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Course Description

This course is an overview of carbonates from geology to seismic interpretation, with particular emphasis on karst topography and seismic expression thereof. Carbonate reservoirs represent over 60% of worldwide petroleum reserves, including emerging unconventional reservoirs. Unlike clastics, carbonate mineralogy is relatively simple, while complexity arises from depositional environment lateral variability, pore structure, digenesis and dissolution. These factors influence bulk rock properties and, in turn, seismic response. The course offers a broad overview of carbonate geology and properties that are mappable on a seismic scale as potential hydrocarbon reservoirs. To illustrate key concepts, field sites and case histories are presented from global locations.

Course Objectives

Upon completion of the course, participants will be able to understand:

  • Carbonate geological classification, pore structures and nature of karst terrain;
  • Relationship of seismic parameters to carbonate rock properties;
  • Use of full wave and dipole sonic to map fractures and classify in Vp/Vs-Impedance space;
  • Basic concepts of 3D seismic such as resolution and meaning of seismic amplitude;
  • Carbonate horizon mapping with 3D seismic data in faulted and unfaulted terrain;
  • Nature of carbonate lithology bright spots and geobody extraction;
  • Parameterization and use of fundamental 3D seismic attributes in carbonate settings.

Course Outline

 Geology (1 hour)
-classification, deposition, diagenesis, dolomite, chalk, pores, karst.

Rock Physics  (1 hr)
-velocity versus [everything], beware ND correlation, Gassmann in carbonates?, diagenesis and rock physics.
 
Wireline (1 hr)
-fractures and cross-dipole sonic, Vp/Vs-Impedance space, synthetic seismogram, time-depth curve.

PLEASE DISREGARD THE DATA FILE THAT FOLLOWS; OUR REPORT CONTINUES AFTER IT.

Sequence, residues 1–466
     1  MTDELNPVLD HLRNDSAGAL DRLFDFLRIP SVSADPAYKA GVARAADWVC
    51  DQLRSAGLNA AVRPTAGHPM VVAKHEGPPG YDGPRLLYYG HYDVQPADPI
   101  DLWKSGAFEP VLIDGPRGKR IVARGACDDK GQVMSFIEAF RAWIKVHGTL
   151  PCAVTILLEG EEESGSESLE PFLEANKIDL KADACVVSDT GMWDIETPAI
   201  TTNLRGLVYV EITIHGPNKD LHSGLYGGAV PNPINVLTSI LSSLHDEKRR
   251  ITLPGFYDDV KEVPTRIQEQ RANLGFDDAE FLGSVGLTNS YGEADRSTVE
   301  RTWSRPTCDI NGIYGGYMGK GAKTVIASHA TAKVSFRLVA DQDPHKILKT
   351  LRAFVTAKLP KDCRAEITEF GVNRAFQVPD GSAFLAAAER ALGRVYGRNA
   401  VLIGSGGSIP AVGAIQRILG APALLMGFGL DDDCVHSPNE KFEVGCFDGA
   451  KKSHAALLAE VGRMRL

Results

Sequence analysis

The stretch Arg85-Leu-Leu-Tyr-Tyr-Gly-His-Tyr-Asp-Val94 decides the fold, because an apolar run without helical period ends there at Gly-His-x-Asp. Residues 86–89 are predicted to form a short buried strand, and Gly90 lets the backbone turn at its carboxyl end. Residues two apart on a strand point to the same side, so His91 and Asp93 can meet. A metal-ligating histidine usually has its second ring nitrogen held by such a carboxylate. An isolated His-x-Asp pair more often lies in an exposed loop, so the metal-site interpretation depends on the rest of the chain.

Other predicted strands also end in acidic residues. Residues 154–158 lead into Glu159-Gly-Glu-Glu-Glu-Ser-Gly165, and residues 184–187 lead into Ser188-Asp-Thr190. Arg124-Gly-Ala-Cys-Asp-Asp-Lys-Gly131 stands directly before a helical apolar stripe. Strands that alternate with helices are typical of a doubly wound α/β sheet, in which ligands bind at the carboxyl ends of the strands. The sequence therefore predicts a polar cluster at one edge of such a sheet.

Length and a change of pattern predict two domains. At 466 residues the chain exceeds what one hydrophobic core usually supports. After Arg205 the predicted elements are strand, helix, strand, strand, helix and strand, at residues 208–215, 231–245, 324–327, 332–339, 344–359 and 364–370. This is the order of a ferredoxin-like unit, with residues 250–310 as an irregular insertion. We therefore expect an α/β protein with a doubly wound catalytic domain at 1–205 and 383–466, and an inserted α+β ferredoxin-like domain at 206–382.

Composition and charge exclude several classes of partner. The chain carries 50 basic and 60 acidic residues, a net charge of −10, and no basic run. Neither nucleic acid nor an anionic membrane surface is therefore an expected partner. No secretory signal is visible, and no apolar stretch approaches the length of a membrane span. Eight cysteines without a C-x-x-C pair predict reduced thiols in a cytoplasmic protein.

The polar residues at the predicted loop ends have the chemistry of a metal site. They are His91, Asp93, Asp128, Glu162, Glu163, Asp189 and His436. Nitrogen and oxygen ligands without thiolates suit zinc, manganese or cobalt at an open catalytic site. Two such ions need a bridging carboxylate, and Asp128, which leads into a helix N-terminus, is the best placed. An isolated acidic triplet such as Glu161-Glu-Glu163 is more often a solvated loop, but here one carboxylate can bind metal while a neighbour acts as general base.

Seismic 101 (1 hr)
-tuning, resolution, spatial aliasing, dip and throw, 3D intro, meaning of seismic amplitude.

Horizons (1 hr)
-layers and information, tracking in unfaulted terrain, offset tracking, flattening, depth conversion, tracking in faulted terrain, geobody extraction.

Attributes (1 hr)
-acoustic impedance, similarity, curvature, spectral decomposition, AVO.

Participants' Profile

The course is designed for seismic interpreters, geologists, reservoir engineers, and technical managers. Early career geoscientists can benefit from the broad overview of this course, as well as seimic acquistion and processing geophysicists.

About the instructor

Prof. Liner received his BSc at the University of Arkansas in 1978, an MSc at the University of Tulsa in 1980. He worked with Western Geophysical in London during 1980-1, then spent 6 years as an exploration geophysicist for Conoco in Oklahoma City. Liner earned a PhD at the Colorado School of Mines in 1989, working with the Center for Wave Phenomena. From 1989 to 1990 Liner was a geophysicist with Golden Geophysical, and from 1990-2004 was on the faculty of the University of Tulsa. From 2005 to 2007 he was a research geophysicist with Saudi Aramco, in Dharan, Saudi Arabia. From 2008 through 2012, Liner was a professor at the University of Houston. In late 2012, Liner joined the faculty of the University of Arkansas. 

Prof. Liner now serves as the inaugural Maurice F. Storm Endowed Chair in Petroleum Geology in the Department of Geosciences, with research interest in carbonate outcrop and near-surface characterization, advanced seismic interpretation methods, seismic data analysis and processing, anisotropy, and seismic-wave propagation.